On the evening of Sunday January 22, Iain Small and I were planning to be at Glenmore Lodge for 7pm for the start of the BMC International Meet, so we were looking for a suitable nearby winter venue. Unfortunately the crags in the Northern Cairngorms were rumoured to be rather lean and black, so we wondered about venues further west. It had been warm in Glen Coe on Saturday, but at least it had snowed a little, so we settled on Meagaidh as a compromise somewhere in the middle that may have held on to a little of the cold as well as catching a little snow.
The weather was awful on Saturday night and the car was rocked by the wind, and by morning it was raining and not looking very hopeful. But you never know with the Scottish winter game, so we shouldered our packs and headed off towards the Inner Corrie. I hadn’t climbed up there for years, but I remembered an unclimbed wall and the possibility of a new mixed climb.
Two hours later we were peering up through the blowing snow at the impending right wall of Crescent Gully. It looked far more difficult than I remembered, but with nothing to lose, I started leading up the steep first pitch. The protection was spaced, the climbing was steeper than it appeared from below, and before too long the ropes were hanging free below me. But at least it was classic turfy winter climbing and after 50m I was at the halfway ledge staring up at a crack that pierced the centre of the headwall through multiple overhangs.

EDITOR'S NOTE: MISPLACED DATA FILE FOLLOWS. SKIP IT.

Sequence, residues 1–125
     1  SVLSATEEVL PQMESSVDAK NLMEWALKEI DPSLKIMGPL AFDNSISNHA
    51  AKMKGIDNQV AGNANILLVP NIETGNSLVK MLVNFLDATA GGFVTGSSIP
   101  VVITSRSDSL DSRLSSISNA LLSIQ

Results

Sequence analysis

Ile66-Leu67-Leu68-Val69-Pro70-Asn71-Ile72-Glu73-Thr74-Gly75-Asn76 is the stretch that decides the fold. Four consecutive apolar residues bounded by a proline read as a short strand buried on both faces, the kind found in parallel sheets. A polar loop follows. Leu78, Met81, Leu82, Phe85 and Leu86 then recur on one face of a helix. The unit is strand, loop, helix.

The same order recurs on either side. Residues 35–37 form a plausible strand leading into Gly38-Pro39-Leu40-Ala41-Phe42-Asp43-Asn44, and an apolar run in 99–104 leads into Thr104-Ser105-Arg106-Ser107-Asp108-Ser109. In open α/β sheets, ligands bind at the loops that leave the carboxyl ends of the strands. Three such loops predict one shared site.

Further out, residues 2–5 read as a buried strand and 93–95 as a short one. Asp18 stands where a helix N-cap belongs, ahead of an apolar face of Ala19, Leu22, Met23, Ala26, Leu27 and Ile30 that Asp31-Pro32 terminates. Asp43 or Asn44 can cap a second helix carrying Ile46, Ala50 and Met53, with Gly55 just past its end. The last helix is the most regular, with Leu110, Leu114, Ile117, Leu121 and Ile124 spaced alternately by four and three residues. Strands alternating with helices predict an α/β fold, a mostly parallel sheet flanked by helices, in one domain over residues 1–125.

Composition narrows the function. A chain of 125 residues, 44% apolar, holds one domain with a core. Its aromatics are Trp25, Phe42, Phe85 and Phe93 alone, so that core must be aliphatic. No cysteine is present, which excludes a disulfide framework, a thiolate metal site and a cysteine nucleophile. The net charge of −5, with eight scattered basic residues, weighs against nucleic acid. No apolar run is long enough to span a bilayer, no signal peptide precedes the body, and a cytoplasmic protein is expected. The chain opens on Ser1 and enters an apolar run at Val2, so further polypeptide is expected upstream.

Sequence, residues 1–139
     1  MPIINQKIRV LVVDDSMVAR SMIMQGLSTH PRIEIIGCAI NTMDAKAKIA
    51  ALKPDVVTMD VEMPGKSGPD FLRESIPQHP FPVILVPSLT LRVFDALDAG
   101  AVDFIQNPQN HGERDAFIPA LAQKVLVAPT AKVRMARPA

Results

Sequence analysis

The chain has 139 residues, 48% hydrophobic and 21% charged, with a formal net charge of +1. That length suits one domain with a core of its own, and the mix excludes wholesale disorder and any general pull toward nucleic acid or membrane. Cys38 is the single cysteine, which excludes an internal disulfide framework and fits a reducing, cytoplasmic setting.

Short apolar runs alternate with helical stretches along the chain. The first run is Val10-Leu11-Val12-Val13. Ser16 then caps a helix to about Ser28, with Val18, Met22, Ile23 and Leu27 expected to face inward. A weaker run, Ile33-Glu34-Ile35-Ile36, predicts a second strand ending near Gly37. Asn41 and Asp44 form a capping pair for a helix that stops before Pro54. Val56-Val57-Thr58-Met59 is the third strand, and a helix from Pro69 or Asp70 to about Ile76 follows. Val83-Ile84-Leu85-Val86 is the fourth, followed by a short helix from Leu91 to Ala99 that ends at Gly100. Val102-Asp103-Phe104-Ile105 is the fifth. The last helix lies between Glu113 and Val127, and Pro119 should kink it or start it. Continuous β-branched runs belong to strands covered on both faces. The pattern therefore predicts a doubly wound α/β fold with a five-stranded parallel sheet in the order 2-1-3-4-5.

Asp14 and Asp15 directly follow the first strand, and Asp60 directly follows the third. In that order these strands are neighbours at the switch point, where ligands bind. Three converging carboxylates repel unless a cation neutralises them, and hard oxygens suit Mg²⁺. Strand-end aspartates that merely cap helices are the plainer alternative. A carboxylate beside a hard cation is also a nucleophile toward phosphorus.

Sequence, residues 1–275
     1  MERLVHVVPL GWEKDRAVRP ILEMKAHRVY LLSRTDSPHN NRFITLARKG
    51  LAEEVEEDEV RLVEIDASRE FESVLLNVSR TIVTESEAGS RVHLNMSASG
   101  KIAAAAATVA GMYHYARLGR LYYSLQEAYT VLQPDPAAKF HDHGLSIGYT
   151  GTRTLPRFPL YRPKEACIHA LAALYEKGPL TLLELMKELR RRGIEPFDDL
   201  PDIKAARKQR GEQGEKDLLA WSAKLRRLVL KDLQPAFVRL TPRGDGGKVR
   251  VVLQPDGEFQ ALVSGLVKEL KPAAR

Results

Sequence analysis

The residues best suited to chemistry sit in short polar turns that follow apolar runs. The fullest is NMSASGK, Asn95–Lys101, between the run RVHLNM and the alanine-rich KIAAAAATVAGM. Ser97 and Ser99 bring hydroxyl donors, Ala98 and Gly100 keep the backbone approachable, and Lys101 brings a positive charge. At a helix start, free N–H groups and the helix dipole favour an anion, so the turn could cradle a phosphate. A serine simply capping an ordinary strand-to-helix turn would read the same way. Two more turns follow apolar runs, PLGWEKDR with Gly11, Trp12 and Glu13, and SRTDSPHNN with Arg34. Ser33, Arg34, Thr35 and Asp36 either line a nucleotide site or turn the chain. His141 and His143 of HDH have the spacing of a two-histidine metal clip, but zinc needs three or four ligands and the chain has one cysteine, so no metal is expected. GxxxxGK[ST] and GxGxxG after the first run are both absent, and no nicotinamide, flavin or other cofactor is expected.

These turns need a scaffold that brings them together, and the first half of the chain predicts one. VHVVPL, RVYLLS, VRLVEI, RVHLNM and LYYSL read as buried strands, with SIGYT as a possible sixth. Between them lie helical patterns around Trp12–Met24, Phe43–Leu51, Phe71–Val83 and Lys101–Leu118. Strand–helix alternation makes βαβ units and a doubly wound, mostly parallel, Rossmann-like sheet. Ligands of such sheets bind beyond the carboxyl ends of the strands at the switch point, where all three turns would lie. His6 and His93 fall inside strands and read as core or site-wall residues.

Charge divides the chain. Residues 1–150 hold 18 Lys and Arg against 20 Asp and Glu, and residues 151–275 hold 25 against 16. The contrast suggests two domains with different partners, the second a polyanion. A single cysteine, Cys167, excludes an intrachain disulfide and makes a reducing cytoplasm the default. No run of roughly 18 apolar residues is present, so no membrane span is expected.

Even Iain hummed and hawed when he came up to the stance and studied the pitch, but once he set off, both hooks and runners kept appearing. After a pumpy wall, the crux roof entailed a huge bridge to the only foothold far on the left. Soon it was my turn, and I struggled through the crux with the sack tugging behind me, leaving a straightforward mixed pitch up the crest of the upper buttress to the plateau.
I first noticed this line nearly 20 years ago when I was taking crag photos for the 1994 Ben Nevis guide. I noted the possibility of the route at the time and wrote, “Two hard pitches. Looks steep. Probably Grade V.” Two decades later, with the route finally in the bag, we felt VII,8 was a more realistic estimate!